Thrilled to work closely with Dr. Linda Darling-Hammond to redesign the Stanford Teacher Education Program, Dr. Rachel Lotan learned about “the nuts and bolts of teacher education….” Suspecting that her friend relies on sleep deprivation or a clone to maintain such high productivity, Rachel teases that “neither hypothesis has been disconfirmed yet!” Characterized by Rachel as “courageous,” Linda is a true “public intellectual” who interacts with “folks up and down the educational hierarchies.”
Dr. David Lyon
First meeting Dr. Linda Darling-Hammond at the RAND Corporation over 25 years ago, Dr. David Lyon is proud to have known the world renowned scholar “back when.” Both a talented researcher and fundraiser, Linda has “an ability to communicate that [is] rare in the world of academia”—she speaks clearly and to the point. David also notes that Linda is an accomplished pianist and a frequent guest at his “Live at the Living Room.” Playing and singing alongside fellow academics and other members of the community, she has shared beautiful renditions on the piano in the well-attended salon series. Respected by David for her consistent professionalism in a “world of uncertainty,” Linda is “first class in every way.”
Dr. Milbrey McLaughlin
Described as “a national presence,” Dr. Linda Darling-Hammond has known her friend and colleague, Dr. Milbrey McLaughlin for more than 30 years. First meeting Linda at the RAND Corporation, Milbrey notes that her friend is a “fierce advocate for teachers [and] an institution builder.” Milbrey also reveals that Linda has been a cabaret jazz singer! Described by Milbrey as “an optimist, a doer…[and] an outspoken crusader,” Linda is also a genuine artist.
Considering Dr. Linda Darling-Hammond her “exquisite gift from a Universe that loves” her, Lonnie Moseley first met her friend at Temple University in 1975. Having foreshadowed a marriage between Linda and her husband, Allen, within minutes of meeting him, Lonnie insists the name “Darling” fits her friend perfectly. After a nearly fatal illness, Lonnie recalls Linda’s response to her possible death—Linda stated simply: “That won’t be happening!” Having admonished the Grim Reaper, Linda also “maintained a trajectory of growing authority in her field” while raising three children who are as “fearless, competent, and compassionate” as she is. Willing to be “the ultimate adult in the room,” Linda manages to be “astonishingly brilliant…without her brightness making everyone else squint.”
Dr. Sharon Robinson
Standing “on principle even in the face of harsh and dishonest critique,” Dr. Linda Darling-Hammond “walks with kings” without losing the common touch. In addition to “sharing the passion, joys, and challenges of motherhood and public service” with her long-time friend, Dr. Sharon Robinson notes that “Linda [also] loves to have fun.” A competitive bid whist player, Linda embraces life “with amazing energy and very high standards of integrity.” Sharon explains that while Linda often consults with “eminent scholars and world leaders, she is devoted to her family and friends.” According to Sharon, Linda’s most significant accomplishment is her network of students. For these scholars, researchers, and practitioners, the “long, warm shadow of her example [will always] nurture and inspire their efforts.”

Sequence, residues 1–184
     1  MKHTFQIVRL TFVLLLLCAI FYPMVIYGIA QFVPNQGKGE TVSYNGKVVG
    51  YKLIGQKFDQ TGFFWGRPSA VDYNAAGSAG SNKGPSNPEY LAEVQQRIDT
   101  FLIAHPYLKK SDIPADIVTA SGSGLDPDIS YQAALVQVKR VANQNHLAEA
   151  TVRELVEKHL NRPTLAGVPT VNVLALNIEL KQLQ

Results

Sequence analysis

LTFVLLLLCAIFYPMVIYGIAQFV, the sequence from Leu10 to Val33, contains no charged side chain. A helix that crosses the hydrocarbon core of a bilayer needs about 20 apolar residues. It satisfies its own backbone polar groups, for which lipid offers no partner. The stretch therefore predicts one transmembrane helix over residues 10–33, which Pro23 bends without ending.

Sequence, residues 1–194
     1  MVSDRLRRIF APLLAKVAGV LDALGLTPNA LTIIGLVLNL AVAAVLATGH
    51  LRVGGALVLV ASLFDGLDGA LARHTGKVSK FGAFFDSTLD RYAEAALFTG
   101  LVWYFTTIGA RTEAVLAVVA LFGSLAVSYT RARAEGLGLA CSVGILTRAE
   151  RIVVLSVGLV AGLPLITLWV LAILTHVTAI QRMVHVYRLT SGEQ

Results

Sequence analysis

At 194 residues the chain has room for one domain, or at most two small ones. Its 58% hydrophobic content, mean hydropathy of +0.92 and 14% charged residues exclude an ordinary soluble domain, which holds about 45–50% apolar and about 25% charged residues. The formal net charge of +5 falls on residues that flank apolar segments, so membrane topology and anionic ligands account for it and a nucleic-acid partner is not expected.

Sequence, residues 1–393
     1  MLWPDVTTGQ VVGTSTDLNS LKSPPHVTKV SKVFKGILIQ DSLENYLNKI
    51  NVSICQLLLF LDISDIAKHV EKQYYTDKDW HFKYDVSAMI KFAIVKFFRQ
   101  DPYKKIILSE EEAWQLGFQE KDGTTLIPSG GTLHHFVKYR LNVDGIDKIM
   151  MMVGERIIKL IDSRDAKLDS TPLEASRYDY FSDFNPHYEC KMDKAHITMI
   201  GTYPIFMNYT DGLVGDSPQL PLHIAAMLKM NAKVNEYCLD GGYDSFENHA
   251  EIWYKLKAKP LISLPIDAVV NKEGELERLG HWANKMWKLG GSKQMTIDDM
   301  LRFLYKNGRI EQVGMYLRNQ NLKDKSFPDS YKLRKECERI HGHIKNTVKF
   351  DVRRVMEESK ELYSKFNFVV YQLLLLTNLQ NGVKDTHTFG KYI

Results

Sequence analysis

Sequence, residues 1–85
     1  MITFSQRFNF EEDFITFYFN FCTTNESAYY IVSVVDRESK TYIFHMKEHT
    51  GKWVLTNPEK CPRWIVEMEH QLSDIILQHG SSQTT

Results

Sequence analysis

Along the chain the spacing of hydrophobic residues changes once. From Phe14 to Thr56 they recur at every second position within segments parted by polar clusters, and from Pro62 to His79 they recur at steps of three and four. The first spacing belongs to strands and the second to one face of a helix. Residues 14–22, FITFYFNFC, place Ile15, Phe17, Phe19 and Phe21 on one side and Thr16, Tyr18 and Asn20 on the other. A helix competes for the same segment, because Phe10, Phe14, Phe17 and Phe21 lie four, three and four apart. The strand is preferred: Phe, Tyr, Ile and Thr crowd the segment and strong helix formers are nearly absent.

Dr. Lee Shulman
Dr. Lee Shulman sought to recruit his colleague and friend, Dr. Linda Darling-Hammond, to the Stanford University faculty long before she officially accepted a position. He notes that Linda is “fearless in her defense of serious teacher preparation…[even] attacking those initiatives that are most adored” by the media. Linda remains the “enemy of poor teaching.” In support of the same “professional preparation that [is taken] for granted in medicine, law, engineering, or architecture,” Linda is “capable of shifting her attention between the big policy questions…[and] specific challenges of practice.”
Dr. Joan Talbert
First working together to develop assessment protocols for the National Board for Professional Teaching Standards (NBPTS), Dr. Joan Talbert and Dr. Linda Darling-Hammond enjoyed evenings of “music and boogying…to celebrate the team spirit” after long days on the job. Joan describes “Linda [as] a community builder, creating commitment and a sense of belonging among those [with whom] she works.” Sharing a love of music, Linda and Joan have “enjoyed many potlucks, concerts, and sing-alongs [as part of] the ‘Live at the Living Room’ series.” She notes that Linda always “makes time to have fun with a wide circle of colleagues, friends, and family.”
Dr. Arthur Wise
Encountering the recent graduate, Dr. Linda Darling-Hammond, for the first time in 1978, Dr. Arthur Wise “knew that [he] was in the presence of an exceptional individual” by the end of the meeting. Since then, Arthur and Linda have “remained friends, collaborating on various initiatives to advance teaching as a profession.” Praising Linda as “an exemplary wife and mother,” Arthur fondly recalls a comical moment on an airplane with her then 4-year old daughter Kia who insisted that “a mother is the person who takes care of you when the babysitter cannot.” Balancing the challenges of modern motherhood with compassion and grace, Linda helped “re-conceptualize teaching” through her initial efforts at the RAND Corporation to the present. Linda’s primary goal will always be “to reform teaching and schools so that all learners are well-served.”